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SpaceX President Defends Elon Musk Over Sexual Misconduct Claims: ‘I Believe the Allegations to Be False'

NASA/Kim Shiflett
  • SpaceX President and COO Gwynne Shotwell defended Elon Musk in an email to employees last week responding to sexual misconduct allegations directed at the company's CEO, CNBC has learned.
  • "Personally, I believe the allegations to be false; not because I work for Elon, but because I have worked closely with him for 20 years and never seen nor heard anything resembling these allegations," Shotwell wrote.
  • Musk has denied the allegations, which claim he propositioned a flight attendant on one of SpaceX's private jets in 2016, calling them "wild accusations."

SpaceX President and COO Gwynne Shotwell defended Elon Musk in an email to employees last week, responding to sexual misconduct allegations directed at the CEO, CNBC has learned.

"Personally, I believe the allegations to be false; not because I work for Elon, but because I have worked closely with him for 20 years and never seen nor heard anything resembling these allegations," Shotwell wrote in a companywide email sent on Friday and seen by CNBC.

Musk has denied the allegations, which claim he propositioned a flight attendant on one of SpaceX's private jets in 2016, calling them "wild accusations."

In a response to Business Insider, which reported the allegations and that the flight attendant was paid $250,000 severance after confronting the company, Musk said there is "a lot more to this story," describing it as a "politically motivated hit piece." Neither Musk nor SpaceX's vice president of the legal department, Christopher Cardaci, denied the payment in statements to Business Insider.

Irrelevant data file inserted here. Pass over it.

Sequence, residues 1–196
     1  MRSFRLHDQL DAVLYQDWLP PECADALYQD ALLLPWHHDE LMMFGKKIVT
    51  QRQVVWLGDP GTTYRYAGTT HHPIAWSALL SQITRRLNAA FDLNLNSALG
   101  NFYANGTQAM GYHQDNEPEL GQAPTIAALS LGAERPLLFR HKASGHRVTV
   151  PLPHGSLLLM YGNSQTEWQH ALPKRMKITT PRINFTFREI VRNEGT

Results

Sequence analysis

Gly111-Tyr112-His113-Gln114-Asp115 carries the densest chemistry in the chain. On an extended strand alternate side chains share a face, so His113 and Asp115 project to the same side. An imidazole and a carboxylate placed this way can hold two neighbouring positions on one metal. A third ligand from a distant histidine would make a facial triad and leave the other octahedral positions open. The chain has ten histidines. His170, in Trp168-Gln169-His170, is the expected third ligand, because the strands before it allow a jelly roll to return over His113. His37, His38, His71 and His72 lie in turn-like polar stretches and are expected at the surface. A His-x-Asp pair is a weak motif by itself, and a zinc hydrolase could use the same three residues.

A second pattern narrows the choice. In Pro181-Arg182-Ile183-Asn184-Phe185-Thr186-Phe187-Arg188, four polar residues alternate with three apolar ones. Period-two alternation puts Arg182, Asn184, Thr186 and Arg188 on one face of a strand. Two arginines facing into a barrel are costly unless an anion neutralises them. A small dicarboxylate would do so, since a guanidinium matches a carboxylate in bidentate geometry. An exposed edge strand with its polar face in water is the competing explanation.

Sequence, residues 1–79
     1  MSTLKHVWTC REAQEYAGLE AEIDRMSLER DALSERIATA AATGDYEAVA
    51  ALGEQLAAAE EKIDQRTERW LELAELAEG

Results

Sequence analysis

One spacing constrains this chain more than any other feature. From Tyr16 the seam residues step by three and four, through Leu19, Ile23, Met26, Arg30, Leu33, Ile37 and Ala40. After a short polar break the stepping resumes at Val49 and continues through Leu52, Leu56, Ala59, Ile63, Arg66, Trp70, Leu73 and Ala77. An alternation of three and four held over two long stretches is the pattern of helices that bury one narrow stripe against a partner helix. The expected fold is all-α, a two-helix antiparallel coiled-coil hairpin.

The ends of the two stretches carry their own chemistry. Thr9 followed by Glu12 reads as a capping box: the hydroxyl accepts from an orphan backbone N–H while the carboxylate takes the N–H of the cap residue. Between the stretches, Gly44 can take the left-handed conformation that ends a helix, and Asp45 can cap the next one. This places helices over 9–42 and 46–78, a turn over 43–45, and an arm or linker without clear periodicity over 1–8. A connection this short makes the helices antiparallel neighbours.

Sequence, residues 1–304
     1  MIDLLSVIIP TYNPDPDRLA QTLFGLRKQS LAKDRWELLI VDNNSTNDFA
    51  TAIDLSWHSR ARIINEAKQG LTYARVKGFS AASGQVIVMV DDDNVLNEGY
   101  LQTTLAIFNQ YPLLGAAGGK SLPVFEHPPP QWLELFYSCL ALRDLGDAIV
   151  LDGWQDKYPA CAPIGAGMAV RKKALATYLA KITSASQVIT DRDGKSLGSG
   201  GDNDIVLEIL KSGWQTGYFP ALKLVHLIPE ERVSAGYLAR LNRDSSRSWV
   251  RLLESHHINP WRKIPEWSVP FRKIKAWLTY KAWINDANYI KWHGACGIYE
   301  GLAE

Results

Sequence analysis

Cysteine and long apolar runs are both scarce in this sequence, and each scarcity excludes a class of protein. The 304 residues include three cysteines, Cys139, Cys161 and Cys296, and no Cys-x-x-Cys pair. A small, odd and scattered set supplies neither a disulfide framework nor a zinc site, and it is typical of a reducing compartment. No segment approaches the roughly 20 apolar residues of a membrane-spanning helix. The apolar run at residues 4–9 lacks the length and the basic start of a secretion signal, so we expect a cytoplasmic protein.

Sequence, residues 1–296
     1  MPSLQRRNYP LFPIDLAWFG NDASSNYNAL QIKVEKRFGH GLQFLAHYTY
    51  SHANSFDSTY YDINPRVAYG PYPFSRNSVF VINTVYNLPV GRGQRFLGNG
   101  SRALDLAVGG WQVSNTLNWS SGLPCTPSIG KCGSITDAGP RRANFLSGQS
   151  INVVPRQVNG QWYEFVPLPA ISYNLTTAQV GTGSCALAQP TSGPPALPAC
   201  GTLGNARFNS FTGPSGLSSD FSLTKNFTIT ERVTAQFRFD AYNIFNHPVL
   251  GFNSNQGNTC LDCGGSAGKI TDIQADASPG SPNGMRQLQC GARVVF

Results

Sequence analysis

Shotwell emphasized in her email that she "will never comment on any legal matters involving employment issues" before noting Musk publicly denied the allegations as "utterly untrue" in a tweet.

Shotwell, who is No. 2 at SpaceX and the company's top female executive, also noted in the email that SpaceX has a "ZERO tolerance" policy for harassment, adding that every accusation is taken seriously and investigated, "regardless of who is involved."

SpaceX did not immediately respond to CNBC's request for comment on Shotwell's email.

SpaceX President and COO Gwynne Shotwell
Jay Westcott / NASA
SpaceX President and COO Gwynne Shotwell

Shotwell has previously described SpaceX as having a "no assholes" policy, though the company has faced complaints before. In December, Ashley Kosak, a then-employee of SpaceX, alleged in an essay that the company is "rife with sexism" and that its human resources team does not protect victims of harassment or abuse.

The company is based in Los Angeles and employs about 10,000 people across the U.S.

The allegations against Musk come as SpaceX looks to raise $1.7 billion in new funding, CNBC reported on Sunday. The round values SpaceX at about $127 billion, making it the most valuable private company in the U.S., according to CB Insights data.

SpaceX has raised billions over the past few years to fund work on two capital-intensive projects: the next generation rocket Starship and Starlink, the global satellite internet network.

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